Precursorism, called in its more extreme forms precursoritis or precursitis, is a characteristic of that kind of historical writing in which the author seeks antecedents of present-day institutions or ideas in earlier historical periods. This kind of anachronism is considered to be a form of Whig history and is a special problem among historians of science. The French historian of medieval science, Pierre Duhem, exemplifies several of the characteristics of the quest for precursors of modern scientific ideas. Duhem was trained as a physicist, rather than as a historian; he was French and many of the precursors he identified were French or studied at the University of Paris; he was a devout Catholic and many of the precursors of the theologically troubling Italian, Galileo, were members of religious orders. Most striking among them was the French bishop and scholastic philosopher, Nicole Oresme.The concept has been applied to those who would find precursors of Darwin in the early nineteenth century, and to those who would find anticipations of modern science in ancient cultures from the Near East to Mesoamerica. Precursorism has recently been identified as a significant factor in some studies of the work of Islamic scientists.It is now commonly assumed that historians of science should study past scientific "ideas in their own right, avoiding anachronism and precursoritis."Scientific formalism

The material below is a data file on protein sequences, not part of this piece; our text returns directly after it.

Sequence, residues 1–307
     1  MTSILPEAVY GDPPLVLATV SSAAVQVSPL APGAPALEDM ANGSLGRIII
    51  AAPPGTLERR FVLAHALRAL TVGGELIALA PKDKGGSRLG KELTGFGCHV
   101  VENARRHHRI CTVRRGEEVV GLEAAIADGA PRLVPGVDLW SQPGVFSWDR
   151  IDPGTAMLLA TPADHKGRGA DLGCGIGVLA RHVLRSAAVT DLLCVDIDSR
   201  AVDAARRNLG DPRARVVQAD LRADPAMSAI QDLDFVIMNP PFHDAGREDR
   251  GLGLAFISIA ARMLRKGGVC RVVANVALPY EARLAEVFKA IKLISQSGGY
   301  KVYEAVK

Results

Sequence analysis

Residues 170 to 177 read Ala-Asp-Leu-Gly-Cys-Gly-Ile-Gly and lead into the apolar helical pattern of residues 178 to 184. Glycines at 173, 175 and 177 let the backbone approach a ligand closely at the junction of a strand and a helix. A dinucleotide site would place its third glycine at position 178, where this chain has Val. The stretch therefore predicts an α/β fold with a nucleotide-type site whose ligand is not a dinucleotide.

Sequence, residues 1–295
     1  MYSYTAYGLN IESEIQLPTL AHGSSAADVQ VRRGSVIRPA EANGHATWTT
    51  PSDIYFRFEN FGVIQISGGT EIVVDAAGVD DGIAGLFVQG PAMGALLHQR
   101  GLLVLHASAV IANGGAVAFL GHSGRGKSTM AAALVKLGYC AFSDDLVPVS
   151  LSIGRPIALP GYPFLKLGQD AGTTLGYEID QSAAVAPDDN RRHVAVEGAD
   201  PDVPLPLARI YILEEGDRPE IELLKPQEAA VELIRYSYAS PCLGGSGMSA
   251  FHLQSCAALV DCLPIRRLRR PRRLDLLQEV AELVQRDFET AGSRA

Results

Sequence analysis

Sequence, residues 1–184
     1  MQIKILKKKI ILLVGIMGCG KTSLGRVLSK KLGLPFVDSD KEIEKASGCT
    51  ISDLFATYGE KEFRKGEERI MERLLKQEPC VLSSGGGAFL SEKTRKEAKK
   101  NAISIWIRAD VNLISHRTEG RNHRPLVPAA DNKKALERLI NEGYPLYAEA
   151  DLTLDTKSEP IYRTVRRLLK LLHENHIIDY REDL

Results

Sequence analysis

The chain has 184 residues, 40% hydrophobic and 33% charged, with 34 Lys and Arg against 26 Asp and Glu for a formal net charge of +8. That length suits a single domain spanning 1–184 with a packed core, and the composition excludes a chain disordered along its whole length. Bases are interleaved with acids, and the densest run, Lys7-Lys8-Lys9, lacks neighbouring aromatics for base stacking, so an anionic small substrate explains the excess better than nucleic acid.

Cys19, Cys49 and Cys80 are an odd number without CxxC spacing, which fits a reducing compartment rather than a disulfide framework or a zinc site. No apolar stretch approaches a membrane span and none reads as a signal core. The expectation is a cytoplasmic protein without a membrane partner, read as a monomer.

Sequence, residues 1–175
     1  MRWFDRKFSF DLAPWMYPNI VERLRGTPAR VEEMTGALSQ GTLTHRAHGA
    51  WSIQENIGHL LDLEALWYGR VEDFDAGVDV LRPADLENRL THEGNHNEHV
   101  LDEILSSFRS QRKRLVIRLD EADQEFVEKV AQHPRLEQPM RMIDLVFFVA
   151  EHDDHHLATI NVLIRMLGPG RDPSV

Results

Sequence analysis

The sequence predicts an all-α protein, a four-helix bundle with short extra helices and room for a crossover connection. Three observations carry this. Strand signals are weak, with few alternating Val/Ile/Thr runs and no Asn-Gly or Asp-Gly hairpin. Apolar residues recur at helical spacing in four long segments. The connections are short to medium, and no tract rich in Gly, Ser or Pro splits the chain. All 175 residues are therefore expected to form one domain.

Scientific formalism is a family of approaches to the presentation of science. It is viewed as an important part of the scientific method, especially in the physical sciences.Theory-ladenness
In the philosophy of science, observations are said to be "theory‐laden" when they are affected by the
theoretical presuppositions held by the investigator. The thesis of theory‐ladenness is most strongly
associated with the late 1950s and early 1960s work of Norwood Russell Hanson, Thomas Kuhn, and Paul Feyerabend, and was probably first put forth (at least implicitly) by Pierre Duhem about 50 years earlier.Thermodynamic potential
A thermodynamic potential (in fact, rather energy than potential) is a scalar quantity used to represent the thermodynamic state of a system. The concept of thermodynamic potentials was introduced by Pierre Duhem in 1886. Josiah Willard Gibbs in his papers used the term fundamental functions. One main thermodynamic potential that has a physical interpretation is the internal energy U. It is the energy of configuration of a given system of conservative forces (that is why it is called potential) and only has meaning with respect to a defined set of references (or data). Expressions for all other thermodynamic energy potentials are derivable via Legendre transforms from an expression for U. In thermodynamics, external forces, such as gravity, are typically disregarded when formulating expressions for potentials. For example, while all the working fluid in a steam engine may have higher energy due to gravity while sitting on top of Mount Everest than it would at the bottom of the Mariana Trench, the gravitational potential energy term in the formula for the internal energy would usually be ignored because changes in gravitational potential within the engine during operation would be negligible. In a large system under even homogeneous external force, like the earth atmosphere under gravity, the intensive parameters () should be studied locally having even in equilibrium different values in different places far from each other (see thermodynamic models of troposphere].